Thursday, February 6, 2014 - 10:58am
Last fall I joined community foundation leaders from across Canada as part of the Monitor Institute’s What’s Next for Community Philanthropy. At one point during this event, we brainstormed activities that are core to their community foundations. As we clustered our sticky notes, I noted how many times the words Vital Signs appeared and thought about the changes that have emerged in our work over the past decade.
Tuesday, November 19, 2013 - 3:51pm
In philanthropy we know that storytelling is a critical way to illustrate impact. A new video, “Post 9/11: The Impact of a Funder Collaborative,” tells the tale of what we learned through the Civic Engagement Fund (CEF). The CEF is a collaborative fund that supports little-understood communities that were propelled to the spotlight after 9/11, and remain invisible yet hyper-visible in mainstream America even today.
Tuesday, November 19, 2013 - 3:42pm
Inspirational and aspirational is how I would describe Building a More Inclusive Workforce: A National Summit to Boost Education and Employment Outcomes for People with Disabilities, held last Friday in Wilmington, Del.
Wednesday, March 6, 2013 - 7:00pm
This is post is part of an ongoing impact investing series onRE: Philanthropy. In recent years, I have championed the potential of impact investing to unlock new forms and sources of capital for the social sector. But financial capital is just one piece of the puzzle. Through my work at the Rockefeller Foundation and more recently at Nonprofit Finance Fund (NFF), I have come to see that no single organization, idea, or type of capital is a cure-all for social issues.
Wednesday, March 6, 2013 - 6:53pm
As a part of the staff of CF Insights, I have had the pleasure to work with the community foundation field for almost 4 years now and still I’m amazed at the ways the field as a whole contributes to the success of individual community foundations by sharing insights, data and support. Reflecting on 2012, I have never been prouder to be part of a field that challenges itself to evolve, serve the needs in their communities, and still takes the time to contribute to the growth and development of peers. Here are just a few highlights from 2012:
Wednesday, March 6, 2013 - 6:49pm
The Council on Foundations’ commitment to encouraging collaboration is commendable, particularly considering the great accomplishments that alliance building has produced. Collaborative philanthropy has had a far-reaching impact on public opinion, legislation, civil rights, education, the environment, and much more. Thanks to the power of alliances, several key Millennial Development Goals are on target for 2015. For example, from 1990 to today, 2 billion more people have access to safe drinking water.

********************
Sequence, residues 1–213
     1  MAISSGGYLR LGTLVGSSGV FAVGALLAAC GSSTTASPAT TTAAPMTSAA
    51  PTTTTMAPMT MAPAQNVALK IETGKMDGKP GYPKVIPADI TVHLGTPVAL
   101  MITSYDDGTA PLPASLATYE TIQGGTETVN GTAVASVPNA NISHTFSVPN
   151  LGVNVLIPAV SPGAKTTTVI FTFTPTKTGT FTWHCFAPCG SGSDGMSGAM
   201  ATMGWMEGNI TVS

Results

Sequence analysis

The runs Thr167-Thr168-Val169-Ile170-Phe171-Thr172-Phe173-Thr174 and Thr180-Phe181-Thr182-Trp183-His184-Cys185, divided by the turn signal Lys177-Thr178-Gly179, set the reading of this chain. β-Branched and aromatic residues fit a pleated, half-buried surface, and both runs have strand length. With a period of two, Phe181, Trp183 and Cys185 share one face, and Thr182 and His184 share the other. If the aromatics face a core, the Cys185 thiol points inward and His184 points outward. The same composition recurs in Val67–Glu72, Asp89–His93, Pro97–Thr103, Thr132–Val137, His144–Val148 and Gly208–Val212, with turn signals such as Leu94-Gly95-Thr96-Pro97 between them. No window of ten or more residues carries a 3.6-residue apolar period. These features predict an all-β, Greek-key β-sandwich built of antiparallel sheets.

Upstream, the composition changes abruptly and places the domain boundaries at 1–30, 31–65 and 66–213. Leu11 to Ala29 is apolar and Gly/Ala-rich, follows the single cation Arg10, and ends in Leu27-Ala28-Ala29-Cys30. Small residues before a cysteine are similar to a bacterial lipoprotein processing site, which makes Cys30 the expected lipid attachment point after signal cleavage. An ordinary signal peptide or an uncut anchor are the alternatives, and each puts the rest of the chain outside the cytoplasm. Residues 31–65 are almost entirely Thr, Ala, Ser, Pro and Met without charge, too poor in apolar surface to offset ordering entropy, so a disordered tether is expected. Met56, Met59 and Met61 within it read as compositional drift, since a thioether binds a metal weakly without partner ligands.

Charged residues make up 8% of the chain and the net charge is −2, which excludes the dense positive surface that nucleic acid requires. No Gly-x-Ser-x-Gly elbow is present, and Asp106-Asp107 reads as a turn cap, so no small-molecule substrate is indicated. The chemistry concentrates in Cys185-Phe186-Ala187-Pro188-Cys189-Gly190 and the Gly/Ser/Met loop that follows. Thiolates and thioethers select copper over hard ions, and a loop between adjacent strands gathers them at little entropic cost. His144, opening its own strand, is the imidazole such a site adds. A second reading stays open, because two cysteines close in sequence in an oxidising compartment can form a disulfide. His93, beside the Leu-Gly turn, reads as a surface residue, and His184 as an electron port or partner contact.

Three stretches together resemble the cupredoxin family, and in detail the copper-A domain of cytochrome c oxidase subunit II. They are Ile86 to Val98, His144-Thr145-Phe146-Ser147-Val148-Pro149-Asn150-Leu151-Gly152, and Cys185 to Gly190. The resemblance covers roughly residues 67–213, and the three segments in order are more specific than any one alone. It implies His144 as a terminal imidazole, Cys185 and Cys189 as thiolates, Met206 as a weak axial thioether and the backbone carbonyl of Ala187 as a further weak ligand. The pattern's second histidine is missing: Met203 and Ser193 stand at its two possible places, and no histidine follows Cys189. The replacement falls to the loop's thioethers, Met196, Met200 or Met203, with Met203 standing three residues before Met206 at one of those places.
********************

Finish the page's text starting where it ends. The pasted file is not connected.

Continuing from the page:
Wednesday, March 6, 2013 - 6:44pm
When my class (The Philanthropy Workshop West) arrives, a light snow dusts the ground and U.S. President #44, Barack Obama, has just been sworn in for a second term. As we progress through a week of presentations, spring thaws early and soft rains fall, cleansing our cynical capital and washing away our prejudices against politics. Late in the evening, late in the week when no one is watching and we’re tired of propriety, we find ourselves falling into bed with the idea of advocacy. We just want to advance our causes . . . Is that so wrong?
Wednesday, March 6, 2013 - 6:30pm
On a warm and sunny day more than ten years ago, I visited the Ebenezer Baptist Church, the Martin Luther King Jr. Memorial and the King Center in Atlanta. Having read and heard about the U.S. civil rights movement and struggle for freedom for black people in this country, I was excited to draw links and connections to the anti-apartheid movement. For me, it felt like visiting Robben Island, a place of historic magnitude and significance in my home country of South Africa.
Wednesday, March 6, 2013 - 6:25pm
As the daughter of a Vietnam veteran, and a veteran myself, the challenges those who serve face when they come home are topics near and dear to my heart.
Wednesday, March 6, 2013 - 4:47pm
On one of the most storied streets in urban Native America, you can see a dynamic future taking shape. Colorful banners along Franklin Avenue in Minneapolis proclaim the only Native American urban business district in the country. Established in 2010, the American Indian Cultural Corridor features five Native-owned businesses, including a tribally owned bank. The Corridor, reminiscent of New York’s Little Italy or San Francisco’s Chinatown, spans a half mile of a previously crime-ridden, poverty-stricken neighborhood. Culturally relevant concepts and programs, rooted in the community, are making it possible for residents to build their assets by opening businesses, developing job skills, and owning a home.